(9) Ignore the path that goes straight ahead as this leads around the back of The Knott, instead turn right and follow the path beside the collapsing stone wall to the top of The Knott (cairn), then take the path down to the col between The Knott and Rampsgill Head. Turn right and follow the broad path onto the Straits of Riggingdale (great views). Keep on walking, where the path splits take the left hand path as it offers better views (the right path is the old Roman route), this leads gradually up High Street to the trig point at Racecourse Hill.
(10) This is a good place to eat your butties, there is a collapsing stone wall to sit on and some shelter from the wind. The views are great. Continue and gently descend with good views of Froswick and Ill Bell, and with opening views of Windermere to the south. Then the path curves to the right and starts to gently ascend to The Beacon at Thornthwaite Crag.
(11) From the Beacon head northeast and descend steeply down a path with loose stone (take care) to Threshthwaite Mouth. Look out for the grassy path leading down into Threshthwaite Cove (Stony Cove Pike is directly ahead of you).
(12) At Threshthwaite Mouth lookout for a faint path on the opposite side of the collapsed stone wall on the right (you should have spotted this on your descent), take this path which soon becomes more obvious. It starts to descend more steeply and in places the National Park Authority has repaired the path with stone steps to prevent erosion. You will pass some newly planted thorn tree saplings where the National Park Authority is reintroducing native tree species back into the environment. The path descends into Threshthwaite Cove to pass beneath the steep Raven Crag on the left. Continue to descend more gently along Pasture Bottom to pass through a gate. Just beyond this, where Pasture Beck and the stream from Hayeswater meet there is the ruin of an old lead mine (Myers Head Mine). You can still see the pit for the wheel and the stone buttresses that would have supported the flue. Continue through another gate and along a track to a third gate.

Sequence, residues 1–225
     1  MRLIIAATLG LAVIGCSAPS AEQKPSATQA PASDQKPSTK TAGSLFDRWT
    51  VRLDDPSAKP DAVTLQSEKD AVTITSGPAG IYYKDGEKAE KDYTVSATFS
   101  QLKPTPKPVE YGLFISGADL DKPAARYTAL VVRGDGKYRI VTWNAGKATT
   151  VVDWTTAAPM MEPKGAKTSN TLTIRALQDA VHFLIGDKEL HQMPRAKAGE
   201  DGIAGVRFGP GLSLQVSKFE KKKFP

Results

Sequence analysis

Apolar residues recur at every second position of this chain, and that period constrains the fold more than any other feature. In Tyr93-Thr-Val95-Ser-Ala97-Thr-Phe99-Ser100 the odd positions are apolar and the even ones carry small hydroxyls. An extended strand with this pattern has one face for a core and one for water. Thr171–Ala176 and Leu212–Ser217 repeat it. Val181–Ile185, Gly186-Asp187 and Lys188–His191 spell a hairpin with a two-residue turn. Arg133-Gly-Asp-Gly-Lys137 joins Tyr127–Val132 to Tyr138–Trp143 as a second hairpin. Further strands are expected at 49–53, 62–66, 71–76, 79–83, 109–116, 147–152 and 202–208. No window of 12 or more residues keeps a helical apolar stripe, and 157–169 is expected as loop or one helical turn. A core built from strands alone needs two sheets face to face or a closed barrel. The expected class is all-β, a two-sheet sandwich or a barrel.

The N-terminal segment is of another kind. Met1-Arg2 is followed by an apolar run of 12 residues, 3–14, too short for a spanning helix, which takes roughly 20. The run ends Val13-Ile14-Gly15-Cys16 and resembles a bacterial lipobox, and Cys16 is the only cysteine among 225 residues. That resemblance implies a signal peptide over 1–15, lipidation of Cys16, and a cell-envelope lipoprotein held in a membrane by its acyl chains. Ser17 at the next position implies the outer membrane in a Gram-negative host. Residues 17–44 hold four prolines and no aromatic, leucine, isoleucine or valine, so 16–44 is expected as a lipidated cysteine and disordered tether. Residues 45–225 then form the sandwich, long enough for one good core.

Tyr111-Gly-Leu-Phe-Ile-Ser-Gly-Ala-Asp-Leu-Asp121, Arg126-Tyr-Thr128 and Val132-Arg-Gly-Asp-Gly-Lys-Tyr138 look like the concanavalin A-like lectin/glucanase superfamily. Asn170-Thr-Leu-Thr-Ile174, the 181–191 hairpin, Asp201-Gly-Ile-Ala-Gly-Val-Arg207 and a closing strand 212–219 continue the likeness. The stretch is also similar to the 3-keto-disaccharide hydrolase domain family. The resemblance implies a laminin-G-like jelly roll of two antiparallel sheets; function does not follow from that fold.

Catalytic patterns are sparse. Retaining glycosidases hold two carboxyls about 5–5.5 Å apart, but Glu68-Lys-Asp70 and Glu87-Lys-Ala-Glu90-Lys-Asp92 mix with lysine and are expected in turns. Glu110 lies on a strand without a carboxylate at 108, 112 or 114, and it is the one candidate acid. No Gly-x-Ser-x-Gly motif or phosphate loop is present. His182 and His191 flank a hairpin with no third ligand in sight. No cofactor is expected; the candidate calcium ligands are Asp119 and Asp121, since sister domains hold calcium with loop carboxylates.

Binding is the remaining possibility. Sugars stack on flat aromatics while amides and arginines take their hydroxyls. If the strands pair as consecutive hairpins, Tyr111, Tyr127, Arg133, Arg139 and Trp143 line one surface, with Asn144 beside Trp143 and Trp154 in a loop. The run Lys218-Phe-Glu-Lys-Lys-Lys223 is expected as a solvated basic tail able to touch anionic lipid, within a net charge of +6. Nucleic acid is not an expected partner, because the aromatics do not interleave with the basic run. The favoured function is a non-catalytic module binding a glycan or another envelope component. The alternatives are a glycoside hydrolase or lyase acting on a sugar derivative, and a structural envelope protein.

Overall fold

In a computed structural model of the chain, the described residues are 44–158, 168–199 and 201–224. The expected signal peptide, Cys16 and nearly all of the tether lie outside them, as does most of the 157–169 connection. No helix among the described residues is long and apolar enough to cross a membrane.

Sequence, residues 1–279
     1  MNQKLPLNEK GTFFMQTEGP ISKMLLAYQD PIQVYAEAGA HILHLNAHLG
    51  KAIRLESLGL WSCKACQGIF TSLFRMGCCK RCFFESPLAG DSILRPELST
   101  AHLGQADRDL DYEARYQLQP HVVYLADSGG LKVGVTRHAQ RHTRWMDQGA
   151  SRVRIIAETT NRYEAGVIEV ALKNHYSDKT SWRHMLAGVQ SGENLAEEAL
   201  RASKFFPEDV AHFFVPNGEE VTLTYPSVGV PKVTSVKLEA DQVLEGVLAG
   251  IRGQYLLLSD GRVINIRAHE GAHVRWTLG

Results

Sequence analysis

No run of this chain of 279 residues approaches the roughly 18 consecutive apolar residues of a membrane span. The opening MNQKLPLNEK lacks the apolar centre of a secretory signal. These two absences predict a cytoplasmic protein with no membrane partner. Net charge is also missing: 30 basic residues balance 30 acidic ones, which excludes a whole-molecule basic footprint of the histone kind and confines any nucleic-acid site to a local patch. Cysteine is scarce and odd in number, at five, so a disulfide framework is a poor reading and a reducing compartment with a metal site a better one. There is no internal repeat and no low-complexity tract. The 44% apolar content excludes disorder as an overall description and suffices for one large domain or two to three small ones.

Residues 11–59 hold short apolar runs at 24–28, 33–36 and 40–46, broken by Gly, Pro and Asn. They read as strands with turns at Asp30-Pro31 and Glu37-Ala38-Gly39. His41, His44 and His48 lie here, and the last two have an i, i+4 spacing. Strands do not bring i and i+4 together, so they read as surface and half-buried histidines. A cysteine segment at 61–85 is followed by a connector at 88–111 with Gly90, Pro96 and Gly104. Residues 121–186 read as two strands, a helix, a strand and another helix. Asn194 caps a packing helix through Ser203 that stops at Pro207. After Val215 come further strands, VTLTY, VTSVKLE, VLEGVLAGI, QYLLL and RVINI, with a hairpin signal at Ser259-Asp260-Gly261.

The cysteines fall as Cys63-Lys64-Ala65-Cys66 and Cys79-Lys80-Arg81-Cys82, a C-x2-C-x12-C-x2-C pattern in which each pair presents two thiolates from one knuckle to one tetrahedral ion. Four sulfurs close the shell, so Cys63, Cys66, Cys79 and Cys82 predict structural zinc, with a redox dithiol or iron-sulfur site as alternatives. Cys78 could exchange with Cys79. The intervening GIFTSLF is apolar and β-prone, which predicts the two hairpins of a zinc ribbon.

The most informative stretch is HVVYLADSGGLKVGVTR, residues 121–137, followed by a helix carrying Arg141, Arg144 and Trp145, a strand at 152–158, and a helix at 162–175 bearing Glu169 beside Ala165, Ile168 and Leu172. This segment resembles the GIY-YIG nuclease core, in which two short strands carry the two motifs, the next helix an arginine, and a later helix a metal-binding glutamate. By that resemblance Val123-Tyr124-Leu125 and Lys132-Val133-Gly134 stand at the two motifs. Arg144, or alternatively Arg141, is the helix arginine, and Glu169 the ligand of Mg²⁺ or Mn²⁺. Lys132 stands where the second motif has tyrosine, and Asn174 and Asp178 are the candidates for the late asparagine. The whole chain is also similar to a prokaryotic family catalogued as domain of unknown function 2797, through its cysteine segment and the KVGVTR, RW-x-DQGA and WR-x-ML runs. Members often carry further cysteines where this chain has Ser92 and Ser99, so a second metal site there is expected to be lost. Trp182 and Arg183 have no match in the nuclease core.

(13) At this point, there is a path on the left that goes up to Hartsop Dodd, instead turn right, go through the gate and follow the path to cross a bridge and up to a junction with another track. Turn left and go through a gate to the car park (voluntary donation in the honesty box for Patterdale School) pass through the car park and lookout for a signpost and path on the right just after you pass the first house on the left.
(14) Take the path uphill to a track with concrete treads this ascends and curves to the right to contour the fellside above Hartsop. The track ends and take the footpath into the light woodland (Calf Close). The footpath continues to pass Angletarn Beck via a footbridge where it descends to join a track from Dubhow. Follow this track in the same northerly direction to where a path slants up the hillside to Boredale Hause on the right.